‘You have brought a considerable balance to the reporting of events’
The Times of Tunbridge Wells this week marks its first birthday with the news that we are publishing a sister paper in Tonbridge.
It will be called the Times of Tonbridge and will be available every Wednesday free of charge starting March 23. The quality, upmarket paper will share the same core values as the Times of Tunbridge Wells, focusing on local people and businesses.
Through significant investment in circulation we intend to make it the biggest newspaper in town. Copies will be available at supermarkets, coffee shops and newsagents. The paper will be handed out from 6am at Tonbridge and Hildenborough railway stations and copies will be delivered to homes in the town centre.
The move comes in response to advertisers in and around Tonbridge asking for a similar media platform to that provided in Tunbridge Wells.
The launch also reflects the ongoing success of the Tunbridge Wells edition. In the last year we have covered more than 1,100 news stories, including 500 articles relating to business in the area – which remains at the core of the paper.
During the past 12 months, the Times has led on some of the biggest stories impacting the town and it residents.
From highlighting the challenges faced by the borough council as it deals with major funding cuts to reporting on the need for improving commuter services, plus news of multi-million plans for revamping Royal Victoria Place shopping centre, the Times has been there to record events that matter.
POLITICIANS AND BUSINESS LEADERS OFFER THEIR THOUGHTS ON A YEAR IN THE LIFE OF THE TIMES
Jo James, Chief Executive of Kent Invicta Chamber of Commerce:
“Happy first birthday, and thanks for shining a spotlight on the local businesses and what they are doing to ensure the town and sur-rounding area has a vibrant economy. Proof positive that local journalism is alive and well in Tunbridge Wells.”
Tunbridge Wells MP Greg Clark:
“Congratulations to the Times of Tunbridge Wells on its first birthday – at a time when local newspapers are closing in other places, it goes to show that people in our town are avid readers of local news.”
Alison Parmar, Development Manager for the Kent Federation of Small Businesses:
“In an increasingly digital world, it is great to have a local newspaper on your doorstep. Since its launch, the Times of Tunbridge Wells has covered exciting local develop-ments and issues for small businesses, as well as putting faces to names.”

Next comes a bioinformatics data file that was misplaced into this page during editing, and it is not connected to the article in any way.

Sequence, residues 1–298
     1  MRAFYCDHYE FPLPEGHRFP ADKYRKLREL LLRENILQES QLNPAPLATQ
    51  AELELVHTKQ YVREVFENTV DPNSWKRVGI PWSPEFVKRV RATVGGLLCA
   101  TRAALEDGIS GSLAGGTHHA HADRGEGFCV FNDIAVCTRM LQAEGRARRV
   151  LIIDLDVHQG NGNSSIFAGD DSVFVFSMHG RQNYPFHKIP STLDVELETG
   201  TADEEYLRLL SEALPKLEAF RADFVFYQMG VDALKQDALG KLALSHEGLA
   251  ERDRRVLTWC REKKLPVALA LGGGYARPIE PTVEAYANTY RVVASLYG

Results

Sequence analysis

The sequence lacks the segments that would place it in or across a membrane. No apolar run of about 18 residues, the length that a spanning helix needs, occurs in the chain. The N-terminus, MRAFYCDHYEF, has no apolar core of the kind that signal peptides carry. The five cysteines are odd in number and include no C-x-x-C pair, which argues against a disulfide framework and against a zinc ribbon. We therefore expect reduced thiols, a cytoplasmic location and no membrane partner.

Matthew Sankey, Chairman of the Association of Pantiles Traders:
“I love the paper. It offers local news and views and I genuinely read it every week. I like the fact the paper isn’t afraid to tell the truth on issues such as business rates.”
TWBC Council Leader David Jukes said:
“You have brought a considerable amount of balance in the reporting of functions and events in the town and in particular at the Council.”
Tunbridge Wells Mayor David Elliott:
“I’ve found the Times of Tunbridge Wells very interesting. It has covered our may-oral events and gives intelligent coverage with its mix of local, national and international news. I look forward to picking a copy up every Wednesday.”
Chair of Women in Business West Kent Emma Cox:
“I get the paper delivered every week and I like the fact there’s a mix of local news and busi-ness in there, with a lot of people that are at my networking meetings appearing in there, so it’s nice to see their successes. I like the fact there are some bigger features as well.”
Kent Police and Crime Commissioner Ann Barnes:
‘Local independent newspapers play a vital role in telling people what is happening in their area, without resorting to sensationalism or having to act as the mouthpiece of any political party. It was a bold move to set up the Times of Tunbridge Wells last year, at a time when unfortunately many local and national newspapers are struggling, so I’m pleased it has proved a success and I wish the paper all the best for the future’